FIG. 23 shows a flowchart of the 125 ms-interruption routine. As stated above, when the 125 ms-timer-interruption is enabled at step S104 of the main routine of FIGS. 21 and 22, the 125 ms-interruption routine is executed at the regular time-interval of 125 ms.

At step S120, the 125 ms-timer-interruption is disabled, due. to the CPU 123 being in the course of the execution of the 125 ms-interruption routine.

At step S121, the signal level of the output port P2 is caused to be high [1], thereby starting an electrical charge of the main capacitor 109. Then, at step S122, a digital charge voltage data CV, representing a charge voltage of the main capacitor 109, is retrieved from the charge-voltage detector circuit G2 via the port Pad. At step S123, it is determined whether the charge voltage data CV is larger than a predetermined maximum voltage data Vmax (e.g. 330 volts). Note, the maximum voltage data Vmax is stored in the EEPROM 124, and is read from the EEPROM 124 in step S102 of the main routine of FIGS. 21 and 22.

At step S123, if CV≦Vmax, the control proceeds to step S125, in which it is determined whether the charge voltage data CV is larger than a minimum voltage data Vmin, which is necessary to electrically energize the xenon lamp 115. Note, the minimum voltage data Vmin is also stored in the EEPROM 124, and is read from the EEPROM 124 in step S102 of the main routine of FIGS. 21 and 22.

At step S125, if CV≦Vmin, the control proceeds to step S126, in which the charge-indicating flag Fcharge is made to be “0”. Then, at step S127, the indicator or LED 126 is lit to announce that the electrical charge of the main capacitor 109 is unfinished. Thereafter, at step S130, the 125 ms-timer-interruption is enabled, and the control returns to the main routine of FIGS. 21 and 22.

At step S123, if CV>Vmax, i.e. if the main capacitor 109 is sufficiently charged, the control proceeds to step S124, in which the signal level of the output port P2 is caused to be low [0], thereby stopping the electrical charge of the main capacitor 109. Then, at step S128, the flag Fcharge is made to be “1”. Subsequently, at step S129, the indicator or LED 126 is turned OFF to announce that a flash-light emission of the external flash device 100 is allowable.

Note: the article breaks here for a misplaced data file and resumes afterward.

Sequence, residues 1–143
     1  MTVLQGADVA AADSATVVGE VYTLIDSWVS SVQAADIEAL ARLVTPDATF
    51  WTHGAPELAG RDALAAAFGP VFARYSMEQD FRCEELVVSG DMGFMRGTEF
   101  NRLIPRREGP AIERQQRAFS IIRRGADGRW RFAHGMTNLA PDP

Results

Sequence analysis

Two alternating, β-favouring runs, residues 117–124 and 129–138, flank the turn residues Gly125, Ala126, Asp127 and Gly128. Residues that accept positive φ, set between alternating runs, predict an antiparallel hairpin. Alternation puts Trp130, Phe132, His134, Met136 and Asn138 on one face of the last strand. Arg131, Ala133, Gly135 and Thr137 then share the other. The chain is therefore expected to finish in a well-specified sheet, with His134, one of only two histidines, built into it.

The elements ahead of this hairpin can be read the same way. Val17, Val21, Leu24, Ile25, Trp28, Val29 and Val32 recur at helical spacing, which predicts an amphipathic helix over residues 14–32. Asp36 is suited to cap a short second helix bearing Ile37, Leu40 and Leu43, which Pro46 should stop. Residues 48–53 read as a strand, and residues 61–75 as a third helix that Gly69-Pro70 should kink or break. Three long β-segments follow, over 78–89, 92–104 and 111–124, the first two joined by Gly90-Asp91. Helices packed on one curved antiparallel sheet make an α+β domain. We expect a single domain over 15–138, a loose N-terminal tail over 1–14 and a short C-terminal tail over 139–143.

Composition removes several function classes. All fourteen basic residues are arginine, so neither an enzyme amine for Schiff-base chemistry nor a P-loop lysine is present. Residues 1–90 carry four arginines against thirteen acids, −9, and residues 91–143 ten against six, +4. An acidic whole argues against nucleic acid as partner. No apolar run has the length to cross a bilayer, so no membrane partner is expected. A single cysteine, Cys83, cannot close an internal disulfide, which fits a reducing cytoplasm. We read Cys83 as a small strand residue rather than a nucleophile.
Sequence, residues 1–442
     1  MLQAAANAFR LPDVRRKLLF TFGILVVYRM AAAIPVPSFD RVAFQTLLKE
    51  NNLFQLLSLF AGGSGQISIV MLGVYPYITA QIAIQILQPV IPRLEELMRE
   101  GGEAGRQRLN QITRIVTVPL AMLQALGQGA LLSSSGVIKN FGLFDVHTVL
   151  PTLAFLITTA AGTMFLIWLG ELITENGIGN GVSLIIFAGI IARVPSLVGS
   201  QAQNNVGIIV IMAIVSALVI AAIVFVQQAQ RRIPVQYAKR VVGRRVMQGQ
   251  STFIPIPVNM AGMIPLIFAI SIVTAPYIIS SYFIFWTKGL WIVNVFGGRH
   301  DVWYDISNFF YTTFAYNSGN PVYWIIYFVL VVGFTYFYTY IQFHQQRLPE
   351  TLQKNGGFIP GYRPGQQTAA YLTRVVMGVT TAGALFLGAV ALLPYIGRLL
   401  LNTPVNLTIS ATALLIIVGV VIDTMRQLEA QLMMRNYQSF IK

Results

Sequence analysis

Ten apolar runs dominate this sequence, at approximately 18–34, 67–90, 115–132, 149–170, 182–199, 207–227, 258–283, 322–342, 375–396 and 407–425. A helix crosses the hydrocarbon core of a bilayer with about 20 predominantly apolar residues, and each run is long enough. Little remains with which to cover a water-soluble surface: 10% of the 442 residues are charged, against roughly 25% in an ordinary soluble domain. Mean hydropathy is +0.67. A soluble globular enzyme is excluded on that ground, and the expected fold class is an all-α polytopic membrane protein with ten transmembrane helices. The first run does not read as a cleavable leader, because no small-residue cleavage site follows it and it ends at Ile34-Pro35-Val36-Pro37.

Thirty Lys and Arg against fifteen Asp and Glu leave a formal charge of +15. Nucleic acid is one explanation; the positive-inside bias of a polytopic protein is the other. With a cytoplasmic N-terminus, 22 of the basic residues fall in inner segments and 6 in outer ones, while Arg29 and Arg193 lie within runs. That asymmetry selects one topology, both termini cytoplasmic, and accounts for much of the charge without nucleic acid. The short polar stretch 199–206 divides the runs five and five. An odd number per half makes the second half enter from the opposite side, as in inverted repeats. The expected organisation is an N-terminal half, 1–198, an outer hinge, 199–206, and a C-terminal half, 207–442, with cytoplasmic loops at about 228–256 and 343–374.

At step S125, if CV>Vmin, i.e. if the main capacitor 109 is charged to a level which is necessary to electrically energize the xenon lamp 115, the control proceeds to step 128, in which the flag Fcharge is made to be “1”. Then, at step S129, the indicator or LED 126 is turned OFF to announce that a flash-light emission of the external flash device 100 is allowable.

Accordingly, when the power ON/OFF switch 154 a is in the ON-state, the main capacitor 109 can be charged to the maximum voltage level (e.g. 330 volts).

FIGS. 24 and 25 show a flowchart of the P7-interruption routine. As mentioned above, the P7-interruption routine is executed only when the P7-interruption is enabled at step S108 of the main routine of FIGS. 21 and 22, and when the signal level of the input port P7 is changed from the low level [0] to the high level [1]. Namely, the execution of the P7-interruption routine is started when the first light-pulse signal, emitted from the built-in flash device 16′ of the camera 10, is detected by the light receiving circuit G5. Thus, the time, at which the signal level of the input port P7 is changed from the low level [0] to the high level [1], corresponds to the time of Ti shown in the timing chart of FIG. 5.

At step S140, all interruption-processings are prohibited in the CPU 123. Then, at step S141, a timer is started. Note, the timer may be defined in the CPU 123, and is utilized to count a time interval (TV) between the first and second light-pulse signals emitted from the built-in flash device 16′.